Several months ago, I repeated something I had been saying to myself for years: “When my oldest, Lucy, is 5, she will be in school and life will be so different.” That’s when I realized, “Hey, wait a minute! She will be 5 this year!” Ever since then, I have felt I have been trying to catch up and wrap my head around the fact that my baby has grown up.
This piece, taken from Jennifer's 2013 LifeWays paper on "Becoming Worthy of Imitation," is the last of three installments.
The Language of Technology
This piece, taken from Jennifer's 2013 LifeWays paper, is the second of three installments:
Becoming Worthy of Imitation
Looking into a child’s beautiful face, one realizes the responsibility that comes with the role of caregiver. It is a mighty thought to conceive: You, with all of your essence, have the power to alter and shape a life with your thoughts, gestures, voice, and sound. That is quite a bit to carry with you every moment of every day as we deal with life’s stresses and find ourselves deep in the future instead of living in the moment. What can we do with this power? How can we change if we find ourselves not who we want to be right now?
This piece, taken from Jennifer’s 2013 LifeWays paper on "Becoming Worthy of Imitation," is the first of three installments on “Using Our Voices.”
My World of Language
When I first discovered my daughter was hiding snug in my tummy, my life changed. As the months progressed, I found myself humming quietly as I prepared for her arrival. I did not seem to notice the drastic changes within myself until I had spent weeks, perhaps months, after the birth staring at her beautiful body and witnessing the life that was continuously transformed in front of me.
“A mighty creature is the germ,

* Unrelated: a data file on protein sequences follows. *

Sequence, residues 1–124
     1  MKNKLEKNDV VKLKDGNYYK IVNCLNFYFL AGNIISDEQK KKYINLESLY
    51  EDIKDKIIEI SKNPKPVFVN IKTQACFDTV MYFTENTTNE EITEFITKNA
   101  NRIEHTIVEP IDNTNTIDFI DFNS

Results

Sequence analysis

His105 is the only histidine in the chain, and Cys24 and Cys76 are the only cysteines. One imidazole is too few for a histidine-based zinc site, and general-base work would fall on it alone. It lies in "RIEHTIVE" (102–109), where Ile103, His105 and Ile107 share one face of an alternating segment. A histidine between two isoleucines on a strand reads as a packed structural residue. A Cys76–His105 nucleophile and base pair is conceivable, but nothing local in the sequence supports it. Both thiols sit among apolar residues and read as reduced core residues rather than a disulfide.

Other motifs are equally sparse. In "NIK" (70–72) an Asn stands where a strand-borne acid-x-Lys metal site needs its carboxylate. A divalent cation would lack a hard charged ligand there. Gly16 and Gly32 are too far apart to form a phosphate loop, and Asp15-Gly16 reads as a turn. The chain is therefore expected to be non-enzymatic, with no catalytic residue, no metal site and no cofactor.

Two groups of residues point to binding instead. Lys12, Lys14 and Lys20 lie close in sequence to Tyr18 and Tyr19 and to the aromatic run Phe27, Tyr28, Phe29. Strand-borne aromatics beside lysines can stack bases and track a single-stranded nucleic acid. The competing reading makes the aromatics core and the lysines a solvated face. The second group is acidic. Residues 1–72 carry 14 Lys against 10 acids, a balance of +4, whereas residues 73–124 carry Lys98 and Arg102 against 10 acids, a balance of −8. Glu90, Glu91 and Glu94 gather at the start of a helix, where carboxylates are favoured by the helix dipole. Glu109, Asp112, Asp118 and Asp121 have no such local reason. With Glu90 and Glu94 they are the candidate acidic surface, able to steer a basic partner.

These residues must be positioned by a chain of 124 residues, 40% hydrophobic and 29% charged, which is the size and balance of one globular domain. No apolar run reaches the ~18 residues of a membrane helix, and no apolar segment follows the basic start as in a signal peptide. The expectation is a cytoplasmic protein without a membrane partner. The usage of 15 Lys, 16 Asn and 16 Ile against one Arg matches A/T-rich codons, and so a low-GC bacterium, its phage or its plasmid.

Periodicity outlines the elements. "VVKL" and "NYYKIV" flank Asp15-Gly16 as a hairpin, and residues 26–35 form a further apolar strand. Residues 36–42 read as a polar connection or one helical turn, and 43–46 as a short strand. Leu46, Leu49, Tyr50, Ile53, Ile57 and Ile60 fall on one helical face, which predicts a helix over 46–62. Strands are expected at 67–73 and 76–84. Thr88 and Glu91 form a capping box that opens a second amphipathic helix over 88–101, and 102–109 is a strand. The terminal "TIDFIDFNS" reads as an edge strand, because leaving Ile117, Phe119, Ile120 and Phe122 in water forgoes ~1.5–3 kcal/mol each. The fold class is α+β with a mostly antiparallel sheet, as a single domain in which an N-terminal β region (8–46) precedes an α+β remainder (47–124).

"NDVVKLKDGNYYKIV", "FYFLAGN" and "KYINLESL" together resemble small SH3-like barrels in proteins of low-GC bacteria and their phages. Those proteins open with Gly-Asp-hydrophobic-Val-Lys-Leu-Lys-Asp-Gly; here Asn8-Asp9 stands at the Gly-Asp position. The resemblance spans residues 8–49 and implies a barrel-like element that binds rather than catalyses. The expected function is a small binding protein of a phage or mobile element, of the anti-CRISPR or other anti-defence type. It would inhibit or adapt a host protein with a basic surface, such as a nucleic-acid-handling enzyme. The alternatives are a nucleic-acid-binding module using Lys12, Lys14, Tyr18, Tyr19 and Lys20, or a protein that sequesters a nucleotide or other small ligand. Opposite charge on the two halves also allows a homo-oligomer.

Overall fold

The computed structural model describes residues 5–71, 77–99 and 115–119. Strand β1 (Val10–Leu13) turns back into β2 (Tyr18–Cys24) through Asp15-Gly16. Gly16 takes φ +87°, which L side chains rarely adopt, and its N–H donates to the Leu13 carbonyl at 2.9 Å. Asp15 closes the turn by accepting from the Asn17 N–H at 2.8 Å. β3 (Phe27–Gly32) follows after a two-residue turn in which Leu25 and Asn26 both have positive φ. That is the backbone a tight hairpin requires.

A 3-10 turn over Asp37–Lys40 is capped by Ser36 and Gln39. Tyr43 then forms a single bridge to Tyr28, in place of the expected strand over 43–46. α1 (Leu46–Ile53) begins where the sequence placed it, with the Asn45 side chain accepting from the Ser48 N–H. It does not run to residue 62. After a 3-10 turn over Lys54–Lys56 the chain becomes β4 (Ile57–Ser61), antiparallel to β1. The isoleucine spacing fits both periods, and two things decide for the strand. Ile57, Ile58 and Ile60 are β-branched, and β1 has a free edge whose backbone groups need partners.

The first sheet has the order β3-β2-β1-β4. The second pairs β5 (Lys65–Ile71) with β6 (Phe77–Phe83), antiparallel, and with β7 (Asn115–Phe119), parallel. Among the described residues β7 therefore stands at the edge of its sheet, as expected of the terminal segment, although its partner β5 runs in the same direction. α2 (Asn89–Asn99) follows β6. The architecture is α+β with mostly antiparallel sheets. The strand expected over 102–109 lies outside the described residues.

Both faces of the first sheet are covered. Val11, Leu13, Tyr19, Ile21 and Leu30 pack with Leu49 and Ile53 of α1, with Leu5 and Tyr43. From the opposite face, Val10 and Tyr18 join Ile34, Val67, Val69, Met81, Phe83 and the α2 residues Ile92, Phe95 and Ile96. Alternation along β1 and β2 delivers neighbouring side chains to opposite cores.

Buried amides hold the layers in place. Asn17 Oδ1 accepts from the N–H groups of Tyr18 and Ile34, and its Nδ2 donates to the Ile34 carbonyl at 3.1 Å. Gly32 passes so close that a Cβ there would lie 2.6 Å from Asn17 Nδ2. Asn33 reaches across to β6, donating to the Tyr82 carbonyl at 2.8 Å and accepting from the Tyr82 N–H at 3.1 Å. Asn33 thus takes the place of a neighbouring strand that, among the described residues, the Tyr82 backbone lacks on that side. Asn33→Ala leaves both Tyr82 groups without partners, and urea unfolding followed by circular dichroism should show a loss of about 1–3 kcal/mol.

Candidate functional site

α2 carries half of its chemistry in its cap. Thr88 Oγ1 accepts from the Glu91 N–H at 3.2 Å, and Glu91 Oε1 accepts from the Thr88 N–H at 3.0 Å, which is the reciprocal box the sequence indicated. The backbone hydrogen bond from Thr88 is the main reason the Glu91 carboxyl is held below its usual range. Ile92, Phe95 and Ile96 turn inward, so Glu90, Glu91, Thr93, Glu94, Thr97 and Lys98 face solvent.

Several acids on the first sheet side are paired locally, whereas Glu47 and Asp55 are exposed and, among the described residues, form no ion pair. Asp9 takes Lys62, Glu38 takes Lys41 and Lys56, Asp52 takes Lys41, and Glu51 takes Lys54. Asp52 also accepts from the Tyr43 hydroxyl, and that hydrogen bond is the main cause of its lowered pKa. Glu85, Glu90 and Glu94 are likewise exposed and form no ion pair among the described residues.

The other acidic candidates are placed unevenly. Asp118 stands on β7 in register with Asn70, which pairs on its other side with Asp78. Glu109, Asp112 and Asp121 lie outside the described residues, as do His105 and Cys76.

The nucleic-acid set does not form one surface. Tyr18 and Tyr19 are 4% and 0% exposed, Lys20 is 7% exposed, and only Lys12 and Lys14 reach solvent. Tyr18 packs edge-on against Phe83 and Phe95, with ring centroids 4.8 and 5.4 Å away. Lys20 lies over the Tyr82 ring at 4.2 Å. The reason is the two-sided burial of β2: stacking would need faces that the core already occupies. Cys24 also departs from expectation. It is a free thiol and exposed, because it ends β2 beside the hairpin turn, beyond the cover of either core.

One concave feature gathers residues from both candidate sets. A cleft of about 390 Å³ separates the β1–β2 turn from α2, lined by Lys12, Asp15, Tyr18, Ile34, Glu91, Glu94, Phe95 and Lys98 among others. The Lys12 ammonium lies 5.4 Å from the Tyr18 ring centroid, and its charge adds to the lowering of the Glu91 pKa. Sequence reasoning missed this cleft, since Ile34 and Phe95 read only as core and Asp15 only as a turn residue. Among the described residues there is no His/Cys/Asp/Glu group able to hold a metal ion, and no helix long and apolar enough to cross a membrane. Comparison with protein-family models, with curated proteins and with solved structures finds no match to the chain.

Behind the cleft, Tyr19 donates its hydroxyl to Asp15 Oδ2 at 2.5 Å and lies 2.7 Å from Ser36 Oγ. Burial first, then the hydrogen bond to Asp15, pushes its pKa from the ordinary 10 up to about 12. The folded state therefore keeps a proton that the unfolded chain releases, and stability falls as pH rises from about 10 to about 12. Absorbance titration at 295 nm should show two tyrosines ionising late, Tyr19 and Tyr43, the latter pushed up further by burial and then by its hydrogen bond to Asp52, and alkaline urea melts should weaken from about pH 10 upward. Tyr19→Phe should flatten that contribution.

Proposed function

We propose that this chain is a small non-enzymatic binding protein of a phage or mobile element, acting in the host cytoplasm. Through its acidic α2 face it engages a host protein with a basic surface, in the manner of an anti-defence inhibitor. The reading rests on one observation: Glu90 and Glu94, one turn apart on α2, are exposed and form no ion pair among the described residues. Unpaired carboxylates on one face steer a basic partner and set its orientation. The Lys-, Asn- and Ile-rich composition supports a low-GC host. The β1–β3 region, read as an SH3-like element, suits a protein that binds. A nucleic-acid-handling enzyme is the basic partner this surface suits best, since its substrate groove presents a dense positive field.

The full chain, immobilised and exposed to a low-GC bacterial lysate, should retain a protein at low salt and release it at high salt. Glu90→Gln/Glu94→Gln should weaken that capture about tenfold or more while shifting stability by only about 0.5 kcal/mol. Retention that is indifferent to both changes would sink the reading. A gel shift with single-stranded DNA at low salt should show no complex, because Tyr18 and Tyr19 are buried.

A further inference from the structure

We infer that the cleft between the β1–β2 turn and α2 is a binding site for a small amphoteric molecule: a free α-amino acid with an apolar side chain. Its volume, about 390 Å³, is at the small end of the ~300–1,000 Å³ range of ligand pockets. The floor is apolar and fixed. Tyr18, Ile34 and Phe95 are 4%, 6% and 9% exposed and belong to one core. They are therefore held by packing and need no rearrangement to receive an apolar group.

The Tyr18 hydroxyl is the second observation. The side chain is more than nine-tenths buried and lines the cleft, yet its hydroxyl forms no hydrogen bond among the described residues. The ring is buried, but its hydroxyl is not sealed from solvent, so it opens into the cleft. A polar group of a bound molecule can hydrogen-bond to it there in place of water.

Though smaller than a pachyderm.
His customary dwelling place
Is deep within the human race.
His childish pride he often pleases
By giving people strange diseases.
Do you, my poppet, feel infirm?
You probably contain a germ.”
Beret writes: One of the things I love most about the LifeWays approach to early childhood is the respect given to a child's pace. Children are given ample time to get through any given activity. They are not rushed or told to hurry. Adults do not do things for them even though it may be easier and faster in the moment. Once they are old enough, they are given the time and support needed to complete their own tasks, such as hanging up their coats, getting dressed, etc. Mealtimes and snack times are sit down events, allowing for good digestion, appreciation of the food that has been prepared and each other's company. Lots of time is spent in free play, both inside and outdoors. Adult led academic learning is delayed until grade school. This allows time for the child to grow a healthy physical body, which is the main task of the first seven years.
Jennifer writes: I am one of those people. One of those annoying people that cannot be quite satisfied with the way I am. What I mean is, although I make changes and have even completely transformed since let’s say five years ago, I know I can always improve. To the people around me this comes across as though I am too hard on myself, as though I feel my accomplishments are not good enough. They are good—in fact they are great, perhaps even somewhat astonishing considering the path I was on ten years ago—I just wouldn’t throw that word enough in there. I don’t believe that when it comes to my children, the word enough should ever apply.
Our children are our teachers.
There are so many festivals of light at this time of year, especially in countries where the days grow short. You may have seen pictures of the oldest daughter in Sweden, wearing a crown of burning candles and bringing pastries to the family on the morning of December 13th, Santa Lucia’s Day. (It’s a long, interesting story how this celebration got from Sicily to Scandinavia!)
This festival of light was also celebrated at the Waldorf Institute when we did the teacher training there: all the families with children were invited to leave their homes open the night of December 12th for the Santa Lucia angels to come in singing and give a star cookie to each child they gently awoke. I was living with five adults and three children at the time and decided not to tell anyone else about our angelic visitors, so you can imagine that the adults were even more amazed than the children….